Fragging corals is a big part of the hobby. Being able to acquire frags from others has benefits. Corals are shared rather than the constant harvesting of wild colonies in the ocean, and they are already accustomed to dwelling in a closed ecosystem. The giver prunes the colonies in their reef, allowing for better flow. They are able to 'bank' a coral with you in case theirs perishes for whatever reason. The receiver enjoys watching the little piece grow into something beautiful over time, and then will one day be a giver as well.
Over the years, commercial sales have shifted from colony-sized corals to frag-size. Getting bigger colonies is nearly unheard of. Just about anything can be fragged, which is to cut a fragment off the bigger colony. I have a general rule: I won't frag a frag. I'm more of a hoarder, preferring to grow them into big colonies but from time to time I have to cave in and snip a few piece here and there.
Here's my old fragging kit. I keep it in a simple container from the Dollar Store.
Harbor Freight Rotary Tool kit. It was only $8, and rather worthless. I also own a Dremel, but sometimes wished I'd purchases a cordless version even though it's quite a bit more ($79-ish).
Here it is, all laid out.
Everything is used and abused, so just ignore rust stains and/or damage in these closeups.
I used Cyano Acrylate, from Ca-Plus.com It is super glue gel, but in a larger tube (20g instead of .5g tubes). I also use some accelerator from them, to speed up set time. We used to buy 50 of each from that site for around $220 a couple of times a year in group buys. There are other products on the market that work quite well, such as the Cg Coral Glue from Ecotech.
When gluing an acro frag or a zoanthid polyp, dry off a spot on your live rock rubble (or boulder), then apply the accelerator either with an applicator, or with the spray nozzle that comes with it. Either seems to work. Then blot off the coral's base, and apply some glue. Press it into place, and within 5 seconds, it is secure. I dip it in bowl of tank water to remove any toxins before it goes in my tank.
Alternately, you might want to use two-part epoxy putty, like the one pictured by Two Little Fishies. You mix it in your hand until it is uniform in color, press it to the LR and form it around the base of your frag. This stuff will make your skimmer overflow, so turn it off for a while, or just use a little bit each day instead of one monster session of epoxying. Another two part epoxy I use is by DD, and here's the product review: http://melevsreef.com/articles/d-d-aquascape-putty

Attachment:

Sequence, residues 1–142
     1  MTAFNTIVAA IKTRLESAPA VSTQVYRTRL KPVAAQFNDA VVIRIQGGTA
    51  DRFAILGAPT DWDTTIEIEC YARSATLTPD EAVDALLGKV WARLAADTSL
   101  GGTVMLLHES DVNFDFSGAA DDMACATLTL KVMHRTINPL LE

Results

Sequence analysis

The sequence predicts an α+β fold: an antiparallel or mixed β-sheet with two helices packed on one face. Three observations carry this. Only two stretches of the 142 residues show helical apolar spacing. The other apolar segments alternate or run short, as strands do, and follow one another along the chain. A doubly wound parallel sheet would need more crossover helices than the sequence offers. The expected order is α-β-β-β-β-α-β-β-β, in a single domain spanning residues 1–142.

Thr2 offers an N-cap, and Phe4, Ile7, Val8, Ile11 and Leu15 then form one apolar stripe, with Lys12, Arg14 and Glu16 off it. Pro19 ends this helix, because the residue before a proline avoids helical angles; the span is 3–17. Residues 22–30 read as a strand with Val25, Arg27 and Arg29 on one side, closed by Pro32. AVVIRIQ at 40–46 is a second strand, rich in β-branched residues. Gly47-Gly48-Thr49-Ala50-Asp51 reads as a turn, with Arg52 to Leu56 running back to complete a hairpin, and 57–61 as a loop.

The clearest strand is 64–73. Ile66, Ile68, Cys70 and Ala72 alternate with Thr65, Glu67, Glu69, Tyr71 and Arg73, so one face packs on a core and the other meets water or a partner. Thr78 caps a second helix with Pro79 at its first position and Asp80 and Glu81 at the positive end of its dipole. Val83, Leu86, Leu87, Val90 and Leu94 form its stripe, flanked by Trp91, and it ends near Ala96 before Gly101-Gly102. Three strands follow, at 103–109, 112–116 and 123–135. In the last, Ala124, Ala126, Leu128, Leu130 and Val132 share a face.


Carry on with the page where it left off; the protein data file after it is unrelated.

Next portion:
Here are the tools I use to cut corals, or to pry them off the LR. These work with all kinds of corals, including mushrooms. They came from Premium Aquatics.
The dental tools came from my dentist. I just asked for some old stuff they no longer use but still have in a drawer. I prefer stuff like the middle one you see. I've found similar at Harbor Freight.
The cutting wheel I use on the Dremel. I got this one from Ebay, as we did a group buy and ordered 40 wheels and the shank that holds it. They are pretty cheap. The one drawback is that they don't cut deeply because once you've hit the central shaft, you no longer can penetrate the coral. Radius matters.
The tile cutting saw blade made for RotoZip would work much better depth-wise, because the blade was 2.5 or 3" in diameter. But with a larger blade, you end up having to work out in the open. You lose the precision of being able to cut in a nitch area.
Anthony Calfo demonstrated using a $50 fisher-price tile cutting wet saw at our Next Wave conference. He sliced right through favias and acans and it didn't take long at all.
Pictured also are razor blades, toothpicks and rubberbands. These come in handy for trimming stuff and securing fraglets. Having all this stuff in one spot will make your fragging sessions easier to manage, so gather up all your tools and pieces and keep them in a carrying case. Lastly, I have a small bucket filled with frag plugs, frag disks and small bits of rock rubble to select from.